Synthesis and characterization of garnet-type solid state electrolytes for lithium-ion batteries

  • Synthese und Charakterisierung von granatartigen Festkörperelektrolyten für Lithium-Ionen Batterien

Paulus, Anja; Eichel, Rüdiger-Albert (Thesis advisor); Simon, Ulrich (Thesis advisor)

Aachen (2018, 2019)
Dissertation / PhD Thesis

Dissertation, RWTH Aachen University, 2018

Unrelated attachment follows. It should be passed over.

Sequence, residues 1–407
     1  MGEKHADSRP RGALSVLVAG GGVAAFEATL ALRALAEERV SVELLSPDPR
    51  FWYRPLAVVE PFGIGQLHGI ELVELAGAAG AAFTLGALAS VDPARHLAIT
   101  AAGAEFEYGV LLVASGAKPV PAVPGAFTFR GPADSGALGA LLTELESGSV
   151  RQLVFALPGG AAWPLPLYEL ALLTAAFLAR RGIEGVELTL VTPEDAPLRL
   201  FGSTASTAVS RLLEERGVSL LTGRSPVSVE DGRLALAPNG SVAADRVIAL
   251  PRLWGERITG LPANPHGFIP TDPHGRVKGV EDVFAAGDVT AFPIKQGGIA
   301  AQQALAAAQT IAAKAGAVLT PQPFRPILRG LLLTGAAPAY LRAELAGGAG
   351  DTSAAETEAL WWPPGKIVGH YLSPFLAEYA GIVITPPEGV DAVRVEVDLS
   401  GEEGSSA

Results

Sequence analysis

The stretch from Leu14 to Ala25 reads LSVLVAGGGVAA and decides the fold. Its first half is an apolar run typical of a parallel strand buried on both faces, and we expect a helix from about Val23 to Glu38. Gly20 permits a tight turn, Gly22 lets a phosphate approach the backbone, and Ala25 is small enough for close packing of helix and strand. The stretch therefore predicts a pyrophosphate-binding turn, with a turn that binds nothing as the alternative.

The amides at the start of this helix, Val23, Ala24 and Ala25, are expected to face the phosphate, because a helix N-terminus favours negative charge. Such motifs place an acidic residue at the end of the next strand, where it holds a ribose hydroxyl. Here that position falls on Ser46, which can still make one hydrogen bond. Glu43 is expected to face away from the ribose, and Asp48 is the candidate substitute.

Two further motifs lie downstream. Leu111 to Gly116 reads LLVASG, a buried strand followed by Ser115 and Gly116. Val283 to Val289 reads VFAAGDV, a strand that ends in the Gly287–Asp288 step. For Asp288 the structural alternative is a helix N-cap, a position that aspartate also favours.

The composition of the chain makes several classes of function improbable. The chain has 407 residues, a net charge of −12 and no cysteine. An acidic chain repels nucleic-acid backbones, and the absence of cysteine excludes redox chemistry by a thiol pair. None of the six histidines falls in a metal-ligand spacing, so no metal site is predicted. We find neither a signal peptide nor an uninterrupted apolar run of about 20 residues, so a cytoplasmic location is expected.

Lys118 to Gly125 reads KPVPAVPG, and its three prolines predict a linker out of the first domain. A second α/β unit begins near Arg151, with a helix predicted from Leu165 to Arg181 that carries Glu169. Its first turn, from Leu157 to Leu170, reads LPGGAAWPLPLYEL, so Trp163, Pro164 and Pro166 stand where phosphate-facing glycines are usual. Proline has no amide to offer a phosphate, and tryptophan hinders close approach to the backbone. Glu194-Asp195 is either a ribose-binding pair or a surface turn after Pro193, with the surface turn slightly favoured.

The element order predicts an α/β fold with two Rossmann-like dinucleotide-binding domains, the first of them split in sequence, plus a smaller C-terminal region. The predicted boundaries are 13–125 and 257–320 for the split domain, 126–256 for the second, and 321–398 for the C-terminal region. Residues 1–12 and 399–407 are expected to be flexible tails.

Due to the growing interest in renewable energies and the reduction of the use of fossil fuels, the interest in reliable energy storage is growing. One contemplated storage system besides fuel cells and others are batteries. Conventional lithium-ion batteries use toxic, flammable electrolytes containing lithium salts and organic solvents that pose safety hazards. One approach to solve these problems are solid electrolytes. This thesis is concerned with the production of these electrolytes and characterization by means of X-ray diffractometry, thermogravimetry, dilatometry and scanning electron microscopy. The material classes of garnet-type or garnet-related compounds offer a high electrochemical stability in addition to a high lithium-ion conductivity among the potential solid electrolyte materials. Based on the classical solid state synthesis, phase pure sintered ceramics for aluminum substituted garnet-type and iron substituted garnet-related compounds were obtained. This was also achieved using a nitrate citrate stabilized sol gel method, which was applied to Li7-3xFexLa3Zr2O12 for the first time. For the differently synthesized materials it was also possible to show the sintering behavior by means of in situ dilatometer measurements for the first time. It turned out that the densification is completed for the solid state syntheses after a dwell of 2 h and for the sol gel syntheses after a dwell of 20 min, at an optimized temperature of 1225 °C, regardless of the substituent. Prolonged sintering times or increasing sintering temperature to 1250 °C lead to secondary phase formation accompanied by an increase in crystallite sizes, which was shown by the solid state synthesis of Li6.4Fe0.2La3Zr2O12. Li7-3xFexLa3Zr2O12 ceramics produced by the solid state synthesis and sintered for 2 h at 1225 °C have crystallite sizes in the order of magnitude of 10 μm. In comparison pellets of the sol gel synthesis have an order of magnitude larger crystallites, sintered under the same conditions. This shows that with the choice of synthesis, as well as the sintering conditions the crystallite size of sintered ceramics of these materials is controllable. Relative densities obtained after sintering were about 10 percentage points higher in the sol gel synthesis than in the solid state synthesis. In addition, iron improves the densification of the material during sintering, which could be shown by changing the iron content in Li7-3xFexLa3Zr2O12 for the solid state synthesis. Therefore, the density of Li6.4Fe0.2La3Zr2O12 is about 10 percentage points higher than that of unsubstituted or aluminum substituted Li7La3Zr2O12 and Li6.4Al0.2La3Zr2O12. Whereas only partially cubic stabilized powders calcined at 950 °C for 12 h were obtained for the solid state synthesis due to diffusion problems, the use of the sol gel synthesis enabled the production of phase pure powders for both substituents. For the first time, the morphology of calcined powders of Li7-3xAlxLa3Zr2O12 can be controlled via the pH. This is accompanied by a pH-dependent pyrolysis behavior of the dried gels. In the presence of iron in the sol gel synthesis of Li7-3xFexLa3Zr2O12, the pH shows a markedly reduced effect on pyrolysis. Therefore, no apparent change in the microstructure of calcined powders was observable. Nonetheless, the pH shows an influence on the sintering behavior and the microstructure of the sintered pellets, which could be demonstrated by thermal etching. In addition, a reaction with water was found for Li7-3xFexLa3Zr2O12, which, although known for other lithium-ion conducting garnet compounds, was previously unknown for the iron substituted garnet-related compounds.